The Christmas Tree Debate  

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Eve Murdick

Daily environmental impacts have become more progressive. This holiday season, learn about your carbon foot-print and way you can help the environment.

Eve Murdick, Staffer

Buying a Christmas tree with your family is one of many traditions in household around the world. This tradition brings up the debate of having a real or fake tree considering the recent rising of concerns about the environment and individual impacts.  

Having a real tree may seem like a small environmental impact since there are one for every family or so, but the impact is large and is going unacknowledged. According to the National Christmas Tree Association, approximately 350 million Christmas trees are growing on Christmas tree farms across the United StatesRoughly 25 to 30 million real Christmas trees sold every year 

In addition to the trees bought, six million Christmas trees are discarded every year. Many times, these trees are not disposed of properly in that they are not used in biodegrading. Instead, they are thrown away in dumpsters and to landfills. 

If you have a real Christmas tree this holiday season, you can still partake in the Christmas tree tradition in an eco-friendly way through its disposal. Once your Christmas tree has fulfilled its festive purpose, you can recycle it by turning it into mulch, planting it in your garden, or finding local places in your city where Christmas trees are collected and recycled. 

If you are an individual who is active in conserving the environment, or you are interested in saving these trees, then buy a fake Christmas tree! Fake trees are about the same amount as real trees, depending on the quality, and will save you money in the long runyou won’t have to spend almost $100 on the purchasing and shipping of a real tree.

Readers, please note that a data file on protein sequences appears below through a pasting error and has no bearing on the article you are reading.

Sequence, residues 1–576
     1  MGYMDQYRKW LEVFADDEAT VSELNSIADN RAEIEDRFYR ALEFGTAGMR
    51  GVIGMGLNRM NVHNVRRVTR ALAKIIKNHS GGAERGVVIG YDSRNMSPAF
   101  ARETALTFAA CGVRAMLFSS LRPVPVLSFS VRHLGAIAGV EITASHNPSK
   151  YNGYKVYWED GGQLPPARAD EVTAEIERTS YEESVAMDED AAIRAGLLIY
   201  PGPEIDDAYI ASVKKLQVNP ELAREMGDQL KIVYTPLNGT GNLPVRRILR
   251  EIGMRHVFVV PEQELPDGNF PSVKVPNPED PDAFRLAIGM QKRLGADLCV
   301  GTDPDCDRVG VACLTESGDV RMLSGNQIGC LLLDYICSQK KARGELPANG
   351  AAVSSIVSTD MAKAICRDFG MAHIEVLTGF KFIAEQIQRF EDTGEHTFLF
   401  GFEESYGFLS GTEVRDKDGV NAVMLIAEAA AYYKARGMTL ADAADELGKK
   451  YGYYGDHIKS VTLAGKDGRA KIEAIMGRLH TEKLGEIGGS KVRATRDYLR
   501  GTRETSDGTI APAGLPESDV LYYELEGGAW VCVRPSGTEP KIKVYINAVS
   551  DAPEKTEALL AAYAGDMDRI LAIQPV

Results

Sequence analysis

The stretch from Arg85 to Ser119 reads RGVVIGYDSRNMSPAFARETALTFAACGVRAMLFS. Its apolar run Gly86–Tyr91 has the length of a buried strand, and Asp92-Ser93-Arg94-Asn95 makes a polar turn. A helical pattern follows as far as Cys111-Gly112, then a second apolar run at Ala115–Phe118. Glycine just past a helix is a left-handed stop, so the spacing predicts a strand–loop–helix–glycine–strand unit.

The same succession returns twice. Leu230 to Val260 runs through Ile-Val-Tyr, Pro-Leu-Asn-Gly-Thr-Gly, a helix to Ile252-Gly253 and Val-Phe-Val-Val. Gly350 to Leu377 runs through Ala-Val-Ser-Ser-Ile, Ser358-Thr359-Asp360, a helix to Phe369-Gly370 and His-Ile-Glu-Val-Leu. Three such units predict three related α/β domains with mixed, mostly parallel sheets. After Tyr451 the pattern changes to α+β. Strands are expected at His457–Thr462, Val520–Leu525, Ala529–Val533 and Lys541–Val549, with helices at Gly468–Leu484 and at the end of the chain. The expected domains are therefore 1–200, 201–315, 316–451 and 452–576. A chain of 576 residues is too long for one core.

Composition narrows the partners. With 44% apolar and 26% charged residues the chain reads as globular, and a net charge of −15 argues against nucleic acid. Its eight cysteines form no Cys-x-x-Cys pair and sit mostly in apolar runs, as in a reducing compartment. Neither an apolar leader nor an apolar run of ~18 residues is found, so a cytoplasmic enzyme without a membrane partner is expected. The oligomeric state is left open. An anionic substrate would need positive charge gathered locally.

Across the national and international levels are companies that rent out real Christmas trees. In London, this is a very popular tradition. An example of a company many people utilize is London Christmas Tree Rental, their heights range from three to six feetLCTR and Darran Messem (Managing Director of Certification at the Carbon Trust) state on Instagram, “Disposing of a tree by composting CO2 and methane. An artificial tree has a higher carbon footprint than a natural one because of the energy intensive production process involved.”  

In the U.S., another company that partakes in these rentals is Rent-A-Tree. They rent out both real and artificial products, from Christmas trees to real wreathes. The delivery man is even dressed up as an elf!  

These websites that deliver the tree directly to you removes both the hassle and fret about the environment. Whether you are temporarily housing a Christmas tree or purchasing a fake tree, remember to spread the word about the carbon footprint of using real trees, as well as disposing them improperly.  Carbon Trust states that a natural tree of about two meters, with no rootsand is disposed of into a landfill after the holidays yields a carbon footprint of approximately 16kg of carbon dioxide. 

This holiday seasonlook into purchasing a fake tree or renting a real tree. If you still choose to buy a real tree, dispose of it properly. Remember, always be conscious of the individual impact you have on your environment.